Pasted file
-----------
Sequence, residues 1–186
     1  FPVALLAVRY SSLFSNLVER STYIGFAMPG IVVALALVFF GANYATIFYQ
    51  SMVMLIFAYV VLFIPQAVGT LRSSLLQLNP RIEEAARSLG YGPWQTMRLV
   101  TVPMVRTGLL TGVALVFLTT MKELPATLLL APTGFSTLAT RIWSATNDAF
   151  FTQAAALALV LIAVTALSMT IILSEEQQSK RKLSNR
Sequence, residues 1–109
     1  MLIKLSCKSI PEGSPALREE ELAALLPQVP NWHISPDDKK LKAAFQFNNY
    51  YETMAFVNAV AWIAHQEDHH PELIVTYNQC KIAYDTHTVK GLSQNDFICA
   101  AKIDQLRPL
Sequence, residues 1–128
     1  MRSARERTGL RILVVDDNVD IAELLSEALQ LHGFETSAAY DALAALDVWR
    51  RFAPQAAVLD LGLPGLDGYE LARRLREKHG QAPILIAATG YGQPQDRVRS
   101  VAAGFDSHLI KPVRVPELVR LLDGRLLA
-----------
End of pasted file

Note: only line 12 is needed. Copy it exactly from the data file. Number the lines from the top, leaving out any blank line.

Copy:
    51  RFAPQAAVLD LGLPGLDGYE LARRLREKHG QAPILIAATG YGQPQDRVRS